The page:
Clause 123 - Power of OFT to make references

Enterprise Bill – in a Public Bill Committee am 5:15 pm ar 1 Mai 2002.

Danfonwch hysbysiad imi am ddadleuon fel hyn

Photo of Nigel Waterson Nigel Waterson Ceidwadwyr, Eastbourne 5:15, 1 Mai 2002

I beg to move amendment No. 298, in page 90, line 9, leave out 'suspecting', and insert 'believing'.

Photo of Derek Conway Derek Conway Ceidwadwyr, Old Bexley and Sidcup

With this it will be convenient to take the following amendments: No. 155, in page 90, line 9, leave out from 'that' to 'prevents' in line 11 and insert—

'the conduct in the course of a business of any person or persons substantially'.

No. 299, in page 90, line 11, after 'services', insert 'significantly'.

Photo of Nigel Waterson Nigel Waterson Ceidwadwyr, Eastbourne

We now move to the market investigations part of the Bill. I am happy to speak to the amendments in my name and that of my hon. Friends in the first group—Nos. 298 and 299. It was rather a photo finish in tabling No. 155 and I shall leave the Liberal Democrats to speak to that amendment, although our names also feature above it.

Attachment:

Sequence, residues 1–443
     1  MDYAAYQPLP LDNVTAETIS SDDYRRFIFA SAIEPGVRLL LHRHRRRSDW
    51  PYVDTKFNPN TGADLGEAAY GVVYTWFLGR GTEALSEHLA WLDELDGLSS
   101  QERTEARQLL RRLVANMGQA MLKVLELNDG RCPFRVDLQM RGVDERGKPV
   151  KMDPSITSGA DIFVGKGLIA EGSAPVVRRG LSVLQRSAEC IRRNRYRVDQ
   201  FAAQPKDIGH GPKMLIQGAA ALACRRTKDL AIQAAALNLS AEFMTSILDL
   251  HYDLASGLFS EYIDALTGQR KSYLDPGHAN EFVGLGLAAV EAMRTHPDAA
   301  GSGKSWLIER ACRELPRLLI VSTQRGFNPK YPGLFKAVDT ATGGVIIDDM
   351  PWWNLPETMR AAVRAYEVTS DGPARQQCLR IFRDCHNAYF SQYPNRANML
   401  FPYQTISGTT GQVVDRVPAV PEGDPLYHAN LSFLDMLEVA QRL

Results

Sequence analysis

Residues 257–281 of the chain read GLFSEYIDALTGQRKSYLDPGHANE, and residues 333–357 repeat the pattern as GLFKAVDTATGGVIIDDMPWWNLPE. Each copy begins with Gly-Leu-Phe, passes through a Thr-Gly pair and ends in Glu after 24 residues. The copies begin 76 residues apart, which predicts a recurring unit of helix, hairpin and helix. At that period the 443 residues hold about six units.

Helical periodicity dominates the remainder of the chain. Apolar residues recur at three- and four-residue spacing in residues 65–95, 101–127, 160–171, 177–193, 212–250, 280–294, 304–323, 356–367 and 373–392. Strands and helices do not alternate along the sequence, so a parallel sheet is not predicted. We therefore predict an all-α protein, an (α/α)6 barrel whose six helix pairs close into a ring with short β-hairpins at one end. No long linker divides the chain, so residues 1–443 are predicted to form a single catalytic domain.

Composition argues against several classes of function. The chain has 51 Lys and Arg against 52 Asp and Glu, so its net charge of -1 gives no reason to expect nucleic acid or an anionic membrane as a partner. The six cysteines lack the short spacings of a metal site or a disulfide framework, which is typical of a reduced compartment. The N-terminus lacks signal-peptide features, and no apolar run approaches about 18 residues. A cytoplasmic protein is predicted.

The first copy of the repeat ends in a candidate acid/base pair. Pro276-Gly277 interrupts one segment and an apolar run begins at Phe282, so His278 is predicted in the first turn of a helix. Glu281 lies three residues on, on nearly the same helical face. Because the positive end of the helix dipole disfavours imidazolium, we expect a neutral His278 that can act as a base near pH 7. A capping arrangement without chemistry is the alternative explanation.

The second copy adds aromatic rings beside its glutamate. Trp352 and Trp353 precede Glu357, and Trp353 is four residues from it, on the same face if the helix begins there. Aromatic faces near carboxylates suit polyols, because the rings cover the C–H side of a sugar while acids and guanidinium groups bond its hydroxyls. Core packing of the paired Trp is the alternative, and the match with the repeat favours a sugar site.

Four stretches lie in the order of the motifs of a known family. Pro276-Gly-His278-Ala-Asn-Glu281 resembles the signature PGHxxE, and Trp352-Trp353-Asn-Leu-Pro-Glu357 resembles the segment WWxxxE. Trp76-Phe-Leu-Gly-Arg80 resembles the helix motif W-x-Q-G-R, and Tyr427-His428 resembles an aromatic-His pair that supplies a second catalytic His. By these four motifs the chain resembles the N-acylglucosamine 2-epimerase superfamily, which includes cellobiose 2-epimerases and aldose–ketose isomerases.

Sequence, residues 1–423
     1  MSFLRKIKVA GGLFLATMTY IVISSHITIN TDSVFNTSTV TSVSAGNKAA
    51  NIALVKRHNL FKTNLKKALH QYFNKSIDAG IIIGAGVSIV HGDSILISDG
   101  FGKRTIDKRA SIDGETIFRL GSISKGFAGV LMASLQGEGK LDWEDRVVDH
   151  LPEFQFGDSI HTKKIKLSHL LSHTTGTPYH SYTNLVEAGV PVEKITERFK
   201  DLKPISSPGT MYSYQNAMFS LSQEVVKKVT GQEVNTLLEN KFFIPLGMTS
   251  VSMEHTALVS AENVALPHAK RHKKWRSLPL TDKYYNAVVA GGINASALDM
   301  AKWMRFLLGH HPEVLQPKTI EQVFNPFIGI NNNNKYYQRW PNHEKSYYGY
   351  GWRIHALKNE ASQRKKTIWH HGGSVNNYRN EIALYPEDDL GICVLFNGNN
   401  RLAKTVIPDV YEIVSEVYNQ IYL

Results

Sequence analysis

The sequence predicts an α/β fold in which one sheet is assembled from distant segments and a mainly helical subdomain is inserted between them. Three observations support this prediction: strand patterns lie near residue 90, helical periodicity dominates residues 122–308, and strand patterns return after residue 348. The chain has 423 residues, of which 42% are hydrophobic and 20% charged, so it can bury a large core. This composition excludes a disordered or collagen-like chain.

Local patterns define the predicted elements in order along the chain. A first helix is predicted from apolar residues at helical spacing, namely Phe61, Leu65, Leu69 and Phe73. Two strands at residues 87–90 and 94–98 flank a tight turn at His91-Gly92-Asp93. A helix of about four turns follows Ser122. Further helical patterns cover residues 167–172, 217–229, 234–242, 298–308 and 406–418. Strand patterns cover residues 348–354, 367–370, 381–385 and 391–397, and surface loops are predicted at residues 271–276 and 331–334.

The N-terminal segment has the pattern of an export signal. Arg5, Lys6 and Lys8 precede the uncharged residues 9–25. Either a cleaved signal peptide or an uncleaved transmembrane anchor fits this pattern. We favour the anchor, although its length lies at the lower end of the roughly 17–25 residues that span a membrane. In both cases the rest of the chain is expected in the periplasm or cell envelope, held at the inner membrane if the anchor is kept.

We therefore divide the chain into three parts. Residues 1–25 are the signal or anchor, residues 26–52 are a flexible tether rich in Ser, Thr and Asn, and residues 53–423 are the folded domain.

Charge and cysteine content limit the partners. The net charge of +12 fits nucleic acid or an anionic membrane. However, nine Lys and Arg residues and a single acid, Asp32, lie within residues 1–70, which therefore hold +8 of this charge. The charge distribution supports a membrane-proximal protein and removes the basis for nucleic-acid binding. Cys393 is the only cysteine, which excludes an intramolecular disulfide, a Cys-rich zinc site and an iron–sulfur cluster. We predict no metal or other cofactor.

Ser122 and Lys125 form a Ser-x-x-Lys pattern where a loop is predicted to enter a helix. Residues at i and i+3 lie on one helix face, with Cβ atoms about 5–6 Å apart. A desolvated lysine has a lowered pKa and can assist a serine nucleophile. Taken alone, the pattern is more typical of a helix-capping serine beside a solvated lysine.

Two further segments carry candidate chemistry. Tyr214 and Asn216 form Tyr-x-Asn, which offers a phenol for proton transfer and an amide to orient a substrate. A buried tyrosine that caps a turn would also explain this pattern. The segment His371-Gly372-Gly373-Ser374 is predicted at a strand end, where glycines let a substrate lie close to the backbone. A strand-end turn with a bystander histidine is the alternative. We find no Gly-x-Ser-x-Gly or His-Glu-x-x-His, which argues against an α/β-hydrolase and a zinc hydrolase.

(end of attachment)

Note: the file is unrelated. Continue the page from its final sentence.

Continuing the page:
A few general comments might obviate the need for a stand part debate on the clause, which is an important provision that kicks off this part of the Bill. It sets out the OFT's power to make references and extends its power to seek out anti-competitive behaviour.

Concerns have been expressed, not least by the CBI, about the clause, along with the Government's commitment to giving the OFT increased resources to ferret out anti-competitive behaviour in the UK economy. I assume that the Government believe that a great deal of illegal activity is going on that current powers and resources have been unable to tackle. That is not a view that the CBI entirely shares. It states:

''However the great concern of industry is the second case and the potential for an enlarged and empowered OFT to cast its net far and wide looking for any possible behaviour or structure that could be construed as anti competitive.''

It refers to the consumer protection aspects such as super complaints, for example. There was a slight worry that British business would be rather beleaguered as a result of the provisions. As a Committee, it is our job to reassure if possible. It refers to the need for ''some reasonable constraints'' on the OFT to avoid disruption and counter-productive investigations and so on.

Amendments Nos. 298 and 299 would change ''reasonable grounds for suspecting'' to ''reasonable grounds for believing'' and would insert the word ''significantly'' before

''prevents, restricts or distorts competition''.

In addition to the CBI's worries, there is a genuine concern about the cost to business of such investigations—that they might be extremely expensive and tie up an awful lot of resources, especially management time. The amendments are designed to produce a higher threshold for the provisions.